Interest Cover

The Interest Cover is a measure of how many times a company can pay its Interest Expenses from its Earnings. It is calculated as Operating Profit divided by the Interest Expense. This is calculated on a TTM basis.

Stockopedia explains Interest Cover

This is a useful way of measuring a company's ability to meet its debt obligations. When the interest coverage ratio is smaller than 1, the company is not generating enough profit from its operations to meet its interest obligations.

The Company would then likely have to either use cash on hand to make up the difference or borrow funds. It is seen as a possible warning sign when interest coverage falls below 2.5x.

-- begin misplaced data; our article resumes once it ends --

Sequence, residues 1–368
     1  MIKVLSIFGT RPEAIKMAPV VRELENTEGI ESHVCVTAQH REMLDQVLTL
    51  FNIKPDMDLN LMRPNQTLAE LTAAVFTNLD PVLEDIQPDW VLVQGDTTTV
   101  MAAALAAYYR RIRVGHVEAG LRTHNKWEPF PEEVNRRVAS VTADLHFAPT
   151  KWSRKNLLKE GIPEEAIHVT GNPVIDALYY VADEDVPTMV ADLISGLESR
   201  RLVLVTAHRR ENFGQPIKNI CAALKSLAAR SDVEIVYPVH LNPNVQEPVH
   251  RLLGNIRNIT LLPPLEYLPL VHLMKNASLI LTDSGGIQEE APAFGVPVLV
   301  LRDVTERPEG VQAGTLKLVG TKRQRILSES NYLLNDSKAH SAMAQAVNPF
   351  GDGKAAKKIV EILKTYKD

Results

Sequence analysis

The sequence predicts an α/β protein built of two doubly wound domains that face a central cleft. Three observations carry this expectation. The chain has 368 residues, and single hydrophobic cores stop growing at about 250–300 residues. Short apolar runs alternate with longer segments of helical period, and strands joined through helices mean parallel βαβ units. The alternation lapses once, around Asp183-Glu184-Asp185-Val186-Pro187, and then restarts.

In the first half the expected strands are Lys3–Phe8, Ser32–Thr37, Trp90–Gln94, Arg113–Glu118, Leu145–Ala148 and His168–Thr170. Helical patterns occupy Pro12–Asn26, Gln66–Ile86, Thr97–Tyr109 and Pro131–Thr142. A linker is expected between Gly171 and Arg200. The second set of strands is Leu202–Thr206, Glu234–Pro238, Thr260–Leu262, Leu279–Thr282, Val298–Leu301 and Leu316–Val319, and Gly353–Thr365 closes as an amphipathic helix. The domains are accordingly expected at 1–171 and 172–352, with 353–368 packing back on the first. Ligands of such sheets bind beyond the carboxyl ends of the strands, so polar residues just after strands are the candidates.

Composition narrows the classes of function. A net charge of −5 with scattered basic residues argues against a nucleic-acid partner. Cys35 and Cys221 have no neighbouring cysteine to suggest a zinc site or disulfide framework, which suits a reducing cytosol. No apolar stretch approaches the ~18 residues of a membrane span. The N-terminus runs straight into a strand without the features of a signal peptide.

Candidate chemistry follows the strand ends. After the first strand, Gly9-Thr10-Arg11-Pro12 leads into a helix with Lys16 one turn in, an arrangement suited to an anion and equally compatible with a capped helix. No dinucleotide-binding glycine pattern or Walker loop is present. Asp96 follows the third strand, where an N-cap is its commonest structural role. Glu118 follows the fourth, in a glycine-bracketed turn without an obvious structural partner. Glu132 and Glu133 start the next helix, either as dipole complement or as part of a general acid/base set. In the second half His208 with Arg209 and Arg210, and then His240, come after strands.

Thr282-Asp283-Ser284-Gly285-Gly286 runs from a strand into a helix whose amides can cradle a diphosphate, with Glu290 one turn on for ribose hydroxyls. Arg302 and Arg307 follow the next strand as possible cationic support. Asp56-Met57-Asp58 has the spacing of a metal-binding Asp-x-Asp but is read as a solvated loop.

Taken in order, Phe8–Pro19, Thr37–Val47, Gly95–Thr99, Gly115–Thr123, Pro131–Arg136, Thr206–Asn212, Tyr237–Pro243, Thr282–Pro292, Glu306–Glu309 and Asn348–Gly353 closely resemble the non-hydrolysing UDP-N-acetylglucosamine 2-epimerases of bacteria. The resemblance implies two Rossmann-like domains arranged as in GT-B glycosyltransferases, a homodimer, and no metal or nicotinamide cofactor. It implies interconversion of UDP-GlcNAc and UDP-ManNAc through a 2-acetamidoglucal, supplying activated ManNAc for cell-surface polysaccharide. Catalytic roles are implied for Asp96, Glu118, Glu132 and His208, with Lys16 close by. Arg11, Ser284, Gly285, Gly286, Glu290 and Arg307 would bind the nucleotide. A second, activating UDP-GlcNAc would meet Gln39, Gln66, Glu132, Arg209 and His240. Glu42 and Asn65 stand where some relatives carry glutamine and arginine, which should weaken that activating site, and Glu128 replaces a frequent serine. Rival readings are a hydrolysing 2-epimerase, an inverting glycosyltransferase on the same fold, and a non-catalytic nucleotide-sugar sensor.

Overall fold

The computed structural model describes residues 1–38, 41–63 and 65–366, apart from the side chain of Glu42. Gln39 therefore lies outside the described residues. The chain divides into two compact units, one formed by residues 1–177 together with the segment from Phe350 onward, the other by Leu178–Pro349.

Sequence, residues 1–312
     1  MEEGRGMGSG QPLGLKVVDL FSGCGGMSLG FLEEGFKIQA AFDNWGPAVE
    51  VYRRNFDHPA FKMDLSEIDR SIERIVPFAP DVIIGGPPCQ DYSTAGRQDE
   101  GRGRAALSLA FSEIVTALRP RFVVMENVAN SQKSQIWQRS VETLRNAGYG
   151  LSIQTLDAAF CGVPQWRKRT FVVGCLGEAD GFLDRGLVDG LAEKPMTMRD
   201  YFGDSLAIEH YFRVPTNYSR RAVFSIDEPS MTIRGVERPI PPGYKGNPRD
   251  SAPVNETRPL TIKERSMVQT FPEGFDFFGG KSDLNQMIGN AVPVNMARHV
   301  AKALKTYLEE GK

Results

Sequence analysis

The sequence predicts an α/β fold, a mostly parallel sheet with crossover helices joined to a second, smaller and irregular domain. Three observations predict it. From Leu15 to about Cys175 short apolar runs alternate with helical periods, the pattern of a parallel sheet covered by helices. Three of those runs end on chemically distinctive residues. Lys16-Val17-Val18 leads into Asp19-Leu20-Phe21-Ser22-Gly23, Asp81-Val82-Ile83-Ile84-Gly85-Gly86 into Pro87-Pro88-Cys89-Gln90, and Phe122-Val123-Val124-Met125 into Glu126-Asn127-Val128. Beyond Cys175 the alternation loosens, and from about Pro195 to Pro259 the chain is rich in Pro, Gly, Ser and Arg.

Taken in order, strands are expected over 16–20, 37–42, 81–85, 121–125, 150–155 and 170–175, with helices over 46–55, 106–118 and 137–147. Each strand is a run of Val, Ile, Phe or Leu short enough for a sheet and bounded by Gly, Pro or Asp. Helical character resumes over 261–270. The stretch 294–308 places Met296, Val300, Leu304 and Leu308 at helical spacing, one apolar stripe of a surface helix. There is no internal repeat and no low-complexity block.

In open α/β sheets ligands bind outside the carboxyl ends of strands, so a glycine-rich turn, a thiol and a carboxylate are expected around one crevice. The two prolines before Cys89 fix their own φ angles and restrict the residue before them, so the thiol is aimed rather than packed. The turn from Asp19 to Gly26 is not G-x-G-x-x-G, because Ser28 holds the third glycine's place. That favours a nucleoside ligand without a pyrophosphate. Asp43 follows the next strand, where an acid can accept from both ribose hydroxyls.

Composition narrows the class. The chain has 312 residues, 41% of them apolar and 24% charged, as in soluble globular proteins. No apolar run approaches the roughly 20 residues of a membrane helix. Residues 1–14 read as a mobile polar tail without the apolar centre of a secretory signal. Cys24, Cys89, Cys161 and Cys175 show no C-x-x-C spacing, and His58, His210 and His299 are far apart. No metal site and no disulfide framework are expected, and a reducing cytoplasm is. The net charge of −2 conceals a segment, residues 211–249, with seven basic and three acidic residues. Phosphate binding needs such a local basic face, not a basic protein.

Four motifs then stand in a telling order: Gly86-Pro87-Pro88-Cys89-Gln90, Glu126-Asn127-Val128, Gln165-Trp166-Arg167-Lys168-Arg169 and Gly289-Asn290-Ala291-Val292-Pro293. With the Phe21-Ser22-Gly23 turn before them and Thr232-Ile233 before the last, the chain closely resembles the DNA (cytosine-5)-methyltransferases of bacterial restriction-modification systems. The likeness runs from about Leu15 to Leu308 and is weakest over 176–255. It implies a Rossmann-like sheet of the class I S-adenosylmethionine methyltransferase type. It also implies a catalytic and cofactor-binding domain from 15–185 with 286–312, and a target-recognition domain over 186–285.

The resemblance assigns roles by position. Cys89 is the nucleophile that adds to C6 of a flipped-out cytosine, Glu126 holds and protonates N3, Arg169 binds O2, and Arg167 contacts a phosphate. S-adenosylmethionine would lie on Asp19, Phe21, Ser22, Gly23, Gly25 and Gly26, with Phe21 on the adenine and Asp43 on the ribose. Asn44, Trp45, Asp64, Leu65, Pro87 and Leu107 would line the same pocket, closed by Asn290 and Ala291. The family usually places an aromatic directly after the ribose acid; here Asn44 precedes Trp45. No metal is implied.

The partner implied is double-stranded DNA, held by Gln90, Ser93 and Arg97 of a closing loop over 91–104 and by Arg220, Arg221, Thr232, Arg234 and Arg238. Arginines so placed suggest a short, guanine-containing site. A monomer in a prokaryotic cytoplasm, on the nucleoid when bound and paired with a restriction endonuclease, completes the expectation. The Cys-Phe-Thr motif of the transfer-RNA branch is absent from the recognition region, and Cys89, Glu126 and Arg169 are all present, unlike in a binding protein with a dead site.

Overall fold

N.B. This relatively simple definition implicitly assumes that operating income is a true proxy for cashflow from operations which it should be for a steady state business where depreciation is equal to capital expenditure, and working capital change is zero.

If Total Interest Expense, Net for the period is less or equal 0 (i.e. the equivalent of Interest Income), then we set Interest Coverage to a value of 100x - this is somewhat arbitrary but it ensures that these companies will also pass a high interest coverage screen. If a company is loss-making, we still calculate this ratio - the figure will therefore be negative.

NOTE: This item is not meaningful for Banks and Insurance companies.

You can read more about it here in the FAQ Centre.

This is measured on a TTM basis.

Ranks: High to LowAvailable in screenerAvailable as Table Column

The 5 highest Interest Cover Stocks in the Market

TickerNameInterest CoverStockRank™
LON:GSFGore Street Energy Storage Fund2,113,744.3368
TYO:3963Synchro Food Co294,075.3360
TYO:7804B&P Co83,571.4098
TYO:3221Yossix Holdings Co67,896.6781